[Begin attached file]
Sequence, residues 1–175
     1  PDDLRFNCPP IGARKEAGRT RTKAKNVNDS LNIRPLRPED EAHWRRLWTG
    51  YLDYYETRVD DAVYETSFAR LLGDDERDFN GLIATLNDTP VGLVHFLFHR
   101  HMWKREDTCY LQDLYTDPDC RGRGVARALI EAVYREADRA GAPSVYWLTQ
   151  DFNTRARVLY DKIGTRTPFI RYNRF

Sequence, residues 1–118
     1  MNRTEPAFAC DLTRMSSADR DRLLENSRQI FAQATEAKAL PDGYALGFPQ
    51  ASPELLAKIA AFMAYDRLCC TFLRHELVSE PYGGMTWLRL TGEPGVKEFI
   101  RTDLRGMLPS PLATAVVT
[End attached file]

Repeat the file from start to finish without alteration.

Sequence, residues 1–175
     1  PDDLRFNCPP IGARKEAGRT RTKAKNVNDS LNIRPLRPED EAHWRRLWTG
    51  YLDYYETRVD DAVYETSFAR LLGDDERDFN GLIATLNDTP VGLVHFLFHR
   101  HMWKREDTCY LQDLYTDPDC RGRGVARALI EAVYREADRA GAPSVYWLTQ
   151  DFNTRARVLY DKIGTRTPFI RYNRF

Sequence, residues 1–118
     1  MNRTEPAFAC DLTRMSSADR DRLLENSRQI FAQATEAKAL PDGYALGFPQ
    51  ASPELLAKIA AFMAYDRLCC TFLRHELVSE PYGGMTWLRL TGEPGVKEFI
   101  RTDLRGMLPS PLATAVVT